Chief executive of the Irish Haemophilia Society, Brian O’Mahony, said it was crucial that women with a bleeding disorder knew the severity of the disease and received the appropriate treatment.
“Women with a bleeding disorder that is not diagnosed are in danger of serious bleeding during menstruation and the serious clinical impact of the birth of a child or during pregnancy,” he warned.
There are 1,165 women with bleeding disorders who are registered at the National Centre for Hereditary Coagulation Disorders in St James’s Hospital in Dublin.
The women suffer from von Willebrands disease, mild haemophilia or rarer bleeding disorders.
Women rarely suffer from severe haemophilia but it is quite common for women carriers of haemophilia to have relatively low blood clotting levels.
There are 114 women diagnosed with haemophilia in Ireland and 578 with von Willebrands. A further 417 have rarer bleeding disorders, of which 259 are uncharacterised.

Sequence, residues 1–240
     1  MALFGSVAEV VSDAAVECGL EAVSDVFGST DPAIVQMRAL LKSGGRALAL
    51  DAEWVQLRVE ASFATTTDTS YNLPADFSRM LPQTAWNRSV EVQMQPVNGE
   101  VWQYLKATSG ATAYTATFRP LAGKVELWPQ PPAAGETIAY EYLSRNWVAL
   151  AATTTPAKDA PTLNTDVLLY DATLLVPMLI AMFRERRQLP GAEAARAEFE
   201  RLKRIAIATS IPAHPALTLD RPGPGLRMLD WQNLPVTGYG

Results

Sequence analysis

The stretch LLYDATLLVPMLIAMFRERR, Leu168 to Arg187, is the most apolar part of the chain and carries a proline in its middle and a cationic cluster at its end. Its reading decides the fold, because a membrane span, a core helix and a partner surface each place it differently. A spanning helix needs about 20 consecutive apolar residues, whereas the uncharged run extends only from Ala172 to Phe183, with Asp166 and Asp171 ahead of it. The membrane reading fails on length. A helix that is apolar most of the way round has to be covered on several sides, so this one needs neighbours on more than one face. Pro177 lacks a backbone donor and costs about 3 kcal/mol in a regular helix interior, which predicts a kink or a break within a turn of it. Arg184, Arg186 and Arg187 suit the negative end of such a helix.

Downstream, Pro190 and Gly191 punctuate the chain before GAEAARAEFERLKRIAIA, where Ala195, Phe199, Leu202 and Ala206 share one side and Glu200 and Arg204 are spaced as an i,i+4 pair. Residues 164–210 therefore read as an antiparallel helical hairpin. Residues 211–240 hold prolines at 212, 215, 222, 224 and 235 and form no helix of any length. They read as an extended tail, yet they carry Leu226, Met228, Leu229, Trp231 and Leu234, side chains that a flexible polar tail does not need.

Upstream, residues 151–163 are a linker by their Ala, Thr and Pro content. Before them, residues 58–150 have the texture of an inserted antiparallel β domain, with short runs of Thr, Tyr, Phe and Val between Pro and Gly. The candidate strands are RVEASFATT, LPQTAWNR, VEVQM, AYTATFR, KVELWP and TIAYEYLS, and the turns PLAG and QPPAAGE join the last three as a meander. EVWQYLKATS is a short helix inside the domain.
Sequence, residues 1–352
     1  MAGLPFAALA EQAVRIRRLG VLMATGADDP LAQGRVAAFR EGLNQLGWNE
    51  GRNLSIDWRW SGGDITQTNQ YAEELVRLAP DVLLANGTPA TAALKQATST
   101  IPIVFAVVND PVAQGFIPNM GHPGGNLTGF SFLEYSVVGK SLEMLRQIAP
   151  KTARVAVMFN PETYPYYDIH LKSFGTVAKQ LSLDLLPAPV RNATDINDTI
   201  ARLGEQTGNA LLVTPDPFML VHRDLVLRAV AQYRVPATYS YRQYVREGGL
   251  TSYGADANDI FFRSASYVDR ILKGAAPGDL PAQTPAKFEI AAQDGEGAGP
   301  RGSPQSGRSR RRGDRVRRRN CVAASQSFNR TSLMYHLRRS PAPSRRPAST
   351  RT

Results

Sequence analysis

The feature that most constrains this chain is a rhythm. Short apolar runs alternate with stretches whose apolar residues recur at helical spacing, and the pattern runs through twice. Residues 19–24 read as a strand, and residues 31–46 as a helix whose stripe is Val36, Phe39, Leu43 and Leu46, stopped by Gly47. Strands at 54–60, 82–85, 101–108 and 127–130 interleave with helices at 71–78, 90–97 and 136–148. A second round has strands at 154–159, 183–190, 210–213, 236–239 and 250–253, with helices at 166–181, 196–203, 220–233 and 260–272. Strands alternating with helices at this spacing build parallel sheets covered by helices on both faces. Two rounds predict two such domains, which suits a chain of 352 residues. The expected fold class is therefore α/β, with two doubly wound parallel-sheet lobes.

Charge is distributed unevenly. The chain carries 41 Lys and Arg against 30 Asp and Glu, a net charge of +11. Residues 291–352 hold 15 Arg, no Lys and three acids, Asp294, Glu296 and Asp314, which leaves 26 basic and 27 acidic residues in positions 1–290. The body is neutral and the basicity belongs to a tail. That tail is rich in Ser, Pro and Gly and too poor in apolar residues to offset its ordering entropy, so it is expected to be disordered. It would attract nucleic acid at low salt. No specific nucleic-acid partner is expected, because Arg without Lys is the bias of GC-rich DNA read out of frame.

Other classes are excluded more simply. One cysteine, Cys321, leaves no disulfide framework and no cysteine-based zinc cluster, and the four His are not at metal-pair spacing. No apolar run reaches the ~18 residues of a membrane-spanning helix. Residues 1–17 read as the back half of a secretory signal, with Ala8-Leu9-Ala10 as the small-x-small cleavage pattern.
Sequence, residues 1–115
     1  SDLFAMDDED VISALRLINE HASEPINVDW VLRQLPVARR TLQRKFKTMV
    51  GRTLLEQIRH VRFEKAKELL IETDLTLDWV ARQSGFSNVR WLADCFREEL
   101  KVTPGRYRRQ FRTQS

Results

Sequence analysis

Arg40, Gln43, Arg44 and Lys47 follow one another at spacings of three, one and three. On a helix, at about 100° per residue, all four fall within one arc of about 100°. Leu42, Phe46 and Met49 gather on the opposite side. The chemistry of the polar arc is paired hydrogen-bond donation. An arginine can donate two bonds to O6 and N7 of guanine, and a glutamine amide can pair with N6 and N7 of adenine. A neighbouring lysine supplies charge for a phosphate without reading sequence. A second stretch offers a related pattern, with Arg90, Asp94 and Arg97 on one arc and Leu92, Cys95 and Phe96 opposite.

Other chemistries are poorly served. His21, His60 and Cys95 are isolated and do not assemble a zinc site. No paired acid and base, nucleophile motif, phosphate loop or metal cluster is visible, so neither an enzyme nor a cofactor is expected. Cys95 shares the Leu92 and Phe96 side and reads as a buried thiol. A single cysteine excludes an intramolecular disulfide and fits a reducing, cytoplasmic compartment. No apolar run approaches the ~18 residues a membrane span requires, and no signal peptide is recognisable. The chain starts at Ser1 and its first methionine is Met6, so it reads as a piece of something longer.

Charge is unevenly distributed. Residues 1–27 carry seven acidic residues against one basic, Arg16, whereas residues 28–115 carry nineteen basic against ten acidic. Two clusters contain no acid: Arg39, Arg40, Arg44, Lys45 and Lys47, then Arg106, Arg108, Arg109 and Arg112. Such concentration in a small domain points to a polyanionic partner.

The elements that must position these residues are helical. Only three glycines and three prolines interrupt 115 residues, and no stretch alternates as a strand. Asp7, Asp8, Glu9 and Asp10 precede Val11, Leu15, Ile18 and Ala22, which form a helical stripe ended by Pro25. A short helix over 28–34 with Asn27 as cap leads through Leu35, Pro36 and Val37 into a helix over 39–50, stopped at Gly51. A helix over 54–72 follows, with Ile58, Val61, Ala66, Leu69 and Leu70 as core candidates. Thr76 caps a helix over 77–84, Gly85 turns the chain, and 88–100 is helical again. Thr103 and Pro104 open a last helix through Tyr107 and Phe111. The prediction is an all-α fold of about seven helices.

“I think a lot of women are not being diagnosed with a bleeding disorder because it is not that easy to identify — it is a combination of laboratory tests and symptoms,” said Mr O’Mahony.
“There are also women who do not think they have a bleeding disorder because their bleeding pattern may be exactly the same as their sisters or mothers who are also suffering from the same condition,” he said.
“I think there needs to be more awareness among women about bleeding disorders. If they have unusually heavy periods or bruising that is not explained easily, then they really should get themselves tested,” he said.
Mr O’Mahony said women needed to persist with testing because sometimes they needed to be tested on a number of occasions before they got a proper diagnosis.
The Irish Haemophilia Society provides services and support for women with bleeding disorders and is holding free information days this weekend in Dublin and Cork this weekend.
Speakers at the information days taking place on Saturday in the Rochestown Park Hotel in Cork and on Sunday at the Hilton Hotel in Kilmainham, Dublin, include a consultant haematologist from the Oxford Haemophilia and Thrombosis Unit in Britain and a clinical nurse specialist from the National Centre for Hereditary Coagulation Disorders.